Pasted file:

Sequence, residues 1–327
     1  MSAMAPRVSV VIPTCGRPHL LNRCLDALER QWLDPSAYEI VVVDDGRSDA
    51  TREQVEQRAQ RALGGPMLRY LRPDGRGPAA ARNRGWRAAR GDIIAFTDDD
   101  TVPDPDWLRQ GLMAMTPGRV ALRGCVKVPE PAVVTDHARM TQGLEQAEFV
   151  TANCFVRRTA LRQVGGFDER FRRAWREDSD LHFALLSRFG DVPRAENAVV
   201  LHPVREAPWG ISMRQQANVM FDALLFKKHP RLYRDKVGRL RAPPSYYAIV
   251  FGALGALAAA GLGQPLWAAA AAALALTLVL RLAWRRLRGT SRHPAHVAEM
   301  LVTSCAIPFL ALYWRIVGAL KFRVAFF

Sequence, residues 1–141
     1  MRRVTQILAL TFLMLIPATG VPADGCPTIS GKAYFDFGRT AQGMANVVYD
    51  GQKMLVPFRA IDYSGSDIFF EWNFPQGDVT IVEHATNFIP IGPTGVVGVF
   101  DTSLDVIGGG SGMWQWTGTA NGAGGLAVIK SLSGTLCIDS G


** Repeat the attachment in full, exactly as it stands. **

Sequence, residues 1–327
     1  MSAMAPRVSV VIPTCGRPHL LNRCLDALER QWLDPSAYEI VVVDDGRSDA
    51  TREQVEQRAQ RALGGPMLRY LRPDGRGPAA ARNRGWRAAR GDIIAFTDDD
   101  TVPDPDWLRQ GLMAMTPGRV ALRGCVKVPE PAVVTDHARM TQGLEQAEFV
   151  TANCFVRRTA LRQVGGFDER FRRAWREDSD LHFALLSRFG DVPRAENAVV
   201  LHPVREAPWG ISMRQQANVM FDALLFKKHP RLYRDKVGRL RAPPSYYAIV
   251  FGALGALAAA GLGQPLWAAA AAALALTLVL RLAWRRLRGT SRHPAHVAEM
   301  LVTSCAIPFL ALYWRIVGAL KFRVAFF

Sequence, residues 1–141
     1  MRRVTQILAL TFLMLIPATG VPADGCPTIS GKAYFDFGRT AQGMANVVYD
    51  GQKMLVPFRA IDYSGSDIFF EWNFPQGDVT IVEHATNFIP IGPTGVVGVF
   101  DTSLDVIGGG SGMWQWTGTA NGAGGLAVIK SLSGTLCIDS G